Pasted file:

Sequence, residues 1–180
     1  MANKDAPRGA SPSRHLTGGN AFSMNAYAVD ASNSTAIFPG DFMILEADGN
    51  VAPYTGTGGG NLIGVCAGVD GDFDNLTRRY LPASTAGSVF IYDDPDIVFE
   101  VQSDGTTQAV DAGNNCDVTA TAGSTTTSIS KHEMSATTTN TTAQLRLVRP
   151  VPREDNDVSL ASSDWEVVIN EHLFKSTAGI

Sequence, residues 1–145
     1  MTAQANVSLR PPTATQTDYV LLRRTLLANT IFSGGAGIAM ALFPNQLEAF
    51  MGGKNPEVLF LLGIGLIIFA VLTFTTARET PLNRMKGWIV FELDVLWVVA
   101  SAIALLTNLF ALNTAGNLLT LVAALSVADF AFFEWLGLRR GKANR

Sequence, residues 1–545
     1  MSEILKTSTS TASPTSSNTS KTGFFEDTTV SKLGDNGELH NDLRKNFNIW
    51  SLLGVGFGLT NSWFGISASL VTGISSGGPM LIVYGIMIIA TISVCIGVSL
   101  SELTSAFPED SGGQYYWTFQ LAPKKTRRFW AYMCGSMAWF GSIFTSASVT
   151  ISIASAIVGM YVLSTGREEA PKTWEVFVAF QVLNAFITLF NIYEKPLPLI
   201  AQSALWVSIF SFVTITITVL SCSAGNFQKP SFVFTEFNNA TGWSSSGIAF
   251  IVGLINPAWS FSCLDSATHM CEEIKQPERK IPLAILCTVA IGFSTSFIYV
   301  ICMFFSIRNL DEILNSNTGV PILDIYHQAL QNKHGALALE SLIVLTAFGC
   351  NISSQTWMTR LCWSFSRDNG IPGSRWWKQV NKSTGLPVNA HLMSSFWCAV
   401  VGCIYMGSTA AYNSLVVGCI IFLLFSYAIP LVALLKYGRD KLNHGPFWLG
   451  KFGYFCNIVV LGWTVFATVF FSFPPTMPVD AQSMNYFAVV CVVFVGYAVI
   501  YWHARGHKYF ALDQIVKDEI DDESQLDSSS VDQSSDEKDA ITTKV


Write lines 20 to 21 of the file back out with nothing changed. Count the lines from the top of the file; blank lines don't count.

   451  KFGYFCNIVV LGWTVFATVF FSFPPTMPVD AQSMNYFAVV CVVFVGYAVI
   501  YWHARGHKYF ALDQIVKDEI DDESQLDSSS VDQSSDEKDA ITTKV